A group of recent alumni of York University’s Osgoode Hall Law School says they will no longer donate to the school until tuition is reduced. The alumni announced their intent to stop donating in a Jan. 7 open letter addressed to interim dean Mary Condon.
“That will be our last financial contribution to Osgoode or York University . . . until such time as Osgoode reduces tuition to a reasonable level — and thereafter only increases it with clear, specific, evidenced and public reasons,” the letter said.
The letter was signed by nine lawyers who graduated between 2012 and 2016.
The group also put out a petition, which has since been signed by about 100 people.
Heather Donkers, president of the Law Students’ Society of Ontario and a student at Osgoode Hall Law School, has signed the petition put forth by alumni.
“I have been one of the lucky ones, in so far as I came from a low-income background and I had much, much debt when I applied to law school,” Donkers says.
“I myself have reaped the benefits of bursaries.”
The petition calls for students to notify the school that they will not make financial contributions until there is lower tuition and a long-term plan to make law school affordable for all prospective students.
Tuition and fees for domestic students is $28,649.22 for incoming students and $28,577.74 for upper year students, the school’s website says.
In the letter, titled “Reduce Law School Tuition Now,” the former Osgoode Hall students say they were prompted to discuss rising tuition prices when asked to support a bursary in honour of outgoing dean Lorne Sossin, who has been appointed a judge of the Ontario Superior Court of Justice in Toronto. Osgoode Hall Law School communications manager Virginia Corner said in a statement that interim dean, Mary Condon appreciates the concerns raised by the alumni and will be responding to their letter.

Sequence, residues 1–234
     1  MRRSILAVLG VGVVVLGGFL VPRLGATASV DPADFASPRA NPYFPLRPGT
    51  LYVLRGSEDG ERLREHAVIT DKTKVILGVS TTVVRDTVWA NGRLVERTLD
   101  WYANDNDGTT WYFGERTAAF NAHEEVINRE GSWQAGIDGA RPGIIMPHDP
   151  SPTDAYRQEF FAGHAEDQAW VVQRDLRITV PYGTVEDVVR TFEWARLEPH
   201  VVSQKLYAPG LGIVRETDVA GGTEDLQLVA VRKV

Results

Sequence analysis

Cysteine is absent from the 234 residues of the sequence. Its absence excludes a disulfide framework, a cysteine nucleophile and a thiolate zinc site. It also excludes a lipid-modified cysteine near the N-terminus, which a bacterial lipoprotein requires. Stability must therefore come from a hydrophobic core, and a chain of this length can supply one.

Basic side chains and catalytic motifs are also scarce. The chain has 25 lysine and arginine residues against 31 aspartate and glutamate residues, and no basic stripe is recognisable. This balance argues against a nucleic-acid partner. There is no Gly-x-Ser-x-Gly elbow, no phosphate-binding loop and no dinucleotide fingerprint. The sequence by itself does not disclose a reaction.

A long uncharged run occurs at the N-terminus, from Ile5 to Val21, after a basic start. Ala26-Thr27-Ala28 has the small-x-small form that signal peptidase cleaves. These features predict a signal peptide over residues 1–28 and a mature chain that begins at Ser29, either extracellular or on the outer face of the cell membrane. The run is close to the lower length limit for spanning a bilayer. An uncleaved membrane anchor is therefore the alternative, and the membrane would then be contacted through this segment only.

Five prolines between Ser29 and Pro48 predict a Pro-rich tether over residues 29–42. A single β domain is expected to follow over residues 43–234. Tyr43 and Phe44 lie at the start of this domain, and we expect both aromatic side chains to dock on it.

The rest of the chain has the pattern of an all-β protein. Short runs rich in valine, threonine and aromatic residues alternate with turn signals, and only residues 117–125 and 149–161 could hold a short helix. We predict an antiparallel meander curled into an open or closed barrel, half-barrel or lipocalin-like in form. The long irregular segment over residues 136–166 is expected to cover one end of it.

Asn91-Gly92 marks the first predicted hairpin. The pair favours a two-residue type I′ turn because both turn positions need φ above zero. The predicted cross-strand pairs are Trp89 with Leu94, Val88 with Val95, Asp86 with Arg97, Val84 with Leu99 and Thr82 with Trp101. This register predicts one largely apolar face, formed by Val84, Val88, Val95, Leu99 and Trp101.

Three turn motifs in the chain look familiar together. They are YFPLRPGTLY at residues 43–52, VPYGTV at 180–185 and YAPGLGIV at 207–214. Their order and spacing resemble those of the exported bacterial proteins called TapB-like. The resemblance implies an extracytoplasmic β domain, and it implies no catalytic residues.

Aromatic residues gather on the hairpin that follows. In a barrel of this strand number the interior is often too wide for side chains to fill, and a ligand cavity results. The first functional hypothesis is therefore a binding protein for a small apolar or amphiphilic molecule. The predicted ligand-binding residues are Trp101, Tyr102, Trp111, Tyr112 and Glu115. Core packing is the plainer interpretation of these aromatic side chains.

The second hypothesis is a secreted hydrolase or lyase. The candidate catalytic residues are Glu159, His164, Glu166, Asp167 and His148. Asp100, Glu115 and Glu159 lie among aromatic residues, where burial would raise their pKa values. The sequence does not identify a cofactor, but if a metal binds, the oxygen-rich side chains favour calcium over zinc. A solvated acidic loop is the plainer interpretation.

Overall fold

In the school year ending in 2016, Osgoode said on its website, it awarded $4.7 million in financial aid to students — $3.5 million of which were bursaries based solely on financial need.
Richard Bogoroch, founder and managing partner of Bogoroch & Associates LLP in Toronto, is a donor to the school and sponsors a $200,000 entrance award.
“High cost of tuition, is unfortunately, a fact of life. What we, as a profession, must do is recognize that law school education, like other professional schools is very expensive,” says Bogoroch, who is an alumnus of McGill University but an admirer of Osgoode. He says he was surprised to hear of the movement to stop donations to the school.
“I think law schools are all facing financial burdens. With government funding I’m sure they are facing difficulties, like all institutions, such as hospitals — law schools are placed in a very difficult position today. They want to attract and pay for the top academics and that’s expensive, and that’s what it takes to provide a platform of excellence,” says Bogoroch.
Jeffrey Hernaez, one of the nine former students who signed the letter, is currently an associate at Fasken Martineau DuMoulin LLP in Vancouver.
He says he was inspired to sign the letter based on his own personal experiences paying for law school.
“I grew up in a very modest childhood and I really had to scrape and borrow . . . to be able to cough up the over $20,000 to go to Osgoode. And it was close then,” says Hernaez.
Osgoode Hall is not the only law school that has received criticism for its tuition rates.
Last year, alumni of the University of Toronto’s Faculty of Law started a campaign calling for the school to set an upper limit of $40,000 per year for tuition until the school can release information about how alumni donations are spent.
Tuition at the University of Toronto Faculty of law is $38,233.45 for first-year students and $38,183.45 for upper-year students, about $10,000 more than at Osgoode Hall.
The Bora Laskin Faculty of Law at Lakehead University, on the other end of the pricing spectrum, charges about $19,620 for incoming domestic students.
Douglas Judson, a lawyer and municipal councillor in Fort Frances, Ont., was another of the nine original signatories of the letter.
“I think what we really want to see is the legal academy — and I say it generally because it is not just an Osgoode problem — to engage with a discussion with the other regulatory stakeholders to solve this problem,” says Judson.